Getting canned

Buying fifty pounds of peaches for fifty dollars seemed like a dandy idea at the farm. After all, I’d easily preserved that much in years past.

But not all at the same time.

As I stared in horror at two hundred pieces of quickly ripening fruit, hubby poked his head in the kitchen and offered to help. Forming an assembly line, we knocked out the peeling and de-pitting in just three hours.

Removing pits

A little tip when removing skin from produce like peaches, or even tomatoes. Boil a pot of water, submerge the fruit, wait a minute or so, then dunk in a bowl of cold water. The skin will peel right off.

Blanching

If making jam, boil the goo following instructions that come with the pectin or from the USDA. Be wary of random websites offering canning recipes, unless they jive with the USDA’s recommendations. I am far, far from being a germaphobe — and it’s highly unlikely that canned food will make you ill — but I still take it seriously and go by the advice of much smarter folks who study this sort of thing for a living.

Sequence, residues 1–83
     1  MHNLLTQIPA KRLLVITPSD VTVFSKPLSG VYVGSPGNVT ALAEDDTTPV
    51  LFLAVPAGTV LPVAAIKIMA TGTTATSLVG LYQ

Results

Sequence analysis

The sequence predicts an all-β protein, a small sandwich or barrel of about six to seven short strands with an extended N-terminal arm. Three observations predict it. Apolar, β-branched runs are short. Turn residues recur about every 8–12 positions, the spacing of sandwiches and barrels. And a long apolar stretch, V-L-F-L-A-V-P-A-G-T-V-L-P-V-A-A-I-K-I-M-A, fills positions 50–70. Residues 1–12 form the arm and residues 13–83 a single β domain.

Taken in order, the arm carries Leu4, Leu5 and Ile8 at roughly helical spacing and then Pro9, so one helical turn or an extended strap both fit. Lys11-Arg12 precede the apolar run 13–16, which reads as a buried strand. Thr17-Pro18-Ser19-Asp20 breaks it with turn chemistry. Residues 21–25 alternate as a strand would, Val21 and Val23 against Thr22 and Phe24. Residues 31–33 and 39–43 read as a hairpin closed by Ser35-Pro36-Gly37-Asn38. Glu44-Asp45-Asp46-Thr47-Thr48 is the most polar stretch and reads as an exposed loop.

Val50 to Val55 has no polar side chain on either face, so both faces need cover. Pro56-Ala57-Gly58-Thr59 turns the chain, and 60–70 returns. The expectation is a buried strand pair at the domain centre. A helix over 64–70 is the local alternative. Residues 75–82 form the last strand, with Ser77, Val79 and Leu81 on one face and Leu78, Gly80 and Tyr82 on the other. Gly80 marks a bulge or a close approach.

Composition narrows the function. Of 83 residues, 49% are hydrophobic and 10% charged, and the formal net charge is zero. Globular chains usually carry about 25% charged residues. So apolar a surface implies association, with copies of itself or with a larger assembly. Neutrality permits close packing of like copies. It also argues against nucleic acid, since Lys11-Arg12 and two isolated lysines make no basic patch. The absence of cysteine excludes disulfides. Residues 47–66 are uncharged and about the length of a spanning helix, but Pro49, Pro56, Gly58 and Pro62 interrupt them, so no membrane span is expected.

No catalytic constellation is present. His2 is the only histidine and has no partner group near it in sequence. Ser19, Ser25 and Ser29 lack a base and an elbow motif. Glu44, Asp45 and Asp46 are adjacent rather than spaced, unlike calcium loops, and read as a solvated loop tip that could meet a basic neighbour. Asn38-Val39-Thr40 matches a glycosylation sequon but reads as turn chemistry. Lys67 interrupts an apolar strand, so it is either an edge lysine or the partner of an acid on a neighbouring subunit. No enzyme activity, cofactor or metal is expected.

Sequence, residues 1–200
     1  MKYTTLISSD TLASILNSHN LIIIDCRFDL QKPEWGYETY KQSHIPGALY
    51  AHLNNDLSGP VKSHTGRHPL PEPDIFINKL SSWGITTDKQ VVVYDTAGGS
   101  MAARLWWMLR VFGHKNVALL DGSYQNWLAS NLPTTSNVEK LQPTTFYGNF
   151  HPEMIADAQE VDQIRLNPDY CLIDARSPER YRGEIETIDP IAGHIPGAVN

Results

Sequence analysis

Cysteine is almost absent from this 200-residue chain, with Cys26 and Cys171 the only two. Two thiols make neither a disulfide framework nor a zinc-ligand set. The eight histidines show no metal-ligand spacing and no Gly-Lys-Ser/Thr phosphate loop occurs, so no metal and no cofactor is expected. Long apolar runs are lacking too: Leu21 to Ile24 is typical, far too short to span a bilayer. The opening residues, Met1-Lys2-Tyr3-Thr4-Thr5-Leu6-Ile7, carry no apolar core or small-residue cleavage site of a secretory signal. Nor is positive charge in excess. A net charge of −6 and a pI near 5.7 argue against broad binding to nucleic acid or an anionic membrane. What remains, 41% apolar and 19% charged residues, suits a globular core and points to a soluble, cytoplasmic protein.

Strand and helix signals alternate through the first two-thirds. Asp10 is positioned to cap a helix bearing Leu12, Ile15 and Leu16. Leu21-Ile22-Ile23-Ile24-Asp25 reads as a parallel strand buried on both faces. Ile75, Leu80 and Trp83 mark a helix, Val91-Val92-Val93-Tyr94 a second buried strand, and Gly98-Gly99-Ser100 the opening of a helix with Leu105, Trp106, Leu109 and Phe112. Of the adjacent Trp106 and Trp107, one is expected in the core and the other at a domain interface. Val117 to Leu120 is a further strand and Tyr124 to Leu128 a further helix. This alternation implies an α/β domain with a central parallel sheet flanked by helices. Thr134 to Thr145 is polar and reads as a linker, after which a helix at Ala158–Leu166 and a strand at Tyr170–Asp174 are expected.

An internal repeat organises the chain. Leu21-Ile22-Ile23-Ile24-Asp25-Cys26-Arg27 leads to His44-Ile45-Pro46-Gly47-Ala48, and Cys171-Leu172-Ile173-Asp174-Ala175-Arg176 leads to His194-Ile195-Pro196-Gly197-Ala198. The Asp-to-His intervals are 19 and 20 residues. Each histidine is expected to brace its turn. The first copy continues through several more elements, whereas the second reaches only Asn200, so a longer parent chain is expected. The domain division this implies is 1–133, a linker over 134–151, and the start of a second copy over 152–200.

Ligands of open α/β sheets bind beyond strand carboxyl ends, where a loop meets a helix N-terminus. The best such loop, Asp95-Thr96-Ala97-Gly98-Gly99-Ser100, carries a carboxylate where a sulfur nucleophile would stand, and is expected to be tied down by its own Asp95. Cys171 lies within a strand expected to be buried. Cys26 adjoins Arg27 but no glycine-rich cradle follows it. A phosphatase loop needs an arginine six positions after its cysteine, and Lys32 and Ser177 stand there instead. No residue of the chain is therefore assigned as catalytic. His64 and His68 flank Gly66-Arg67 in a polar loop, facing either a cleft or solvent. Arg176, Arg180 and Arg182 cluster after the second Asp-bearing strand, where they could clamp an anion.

Jam ready to jar

When cooked, pour immediately into sterilized jars, cover, and boil in a hot water bath. Et voilà, peach jam.

Peach pouring

With only two-thirds of the fruit used, we were up to our eyeballs in jam, so the rest went into a hot pack of boiling water for plain, cooked peaches. These suckers make a fantastic addition to breakfast oatmeal in the winter.

Peach hot pack

After ten hours in total, we had a year’s supply of peach goodness for ourselves and for gifts. Though it does take a little time, canning is not a difficult process at all, and jam is a great springboard for beginners.

Finished peaches

Perhaps now it’s time for a wee quality check, strictly in the name of science, of course. A loaf of peach bread should do the job nicely…

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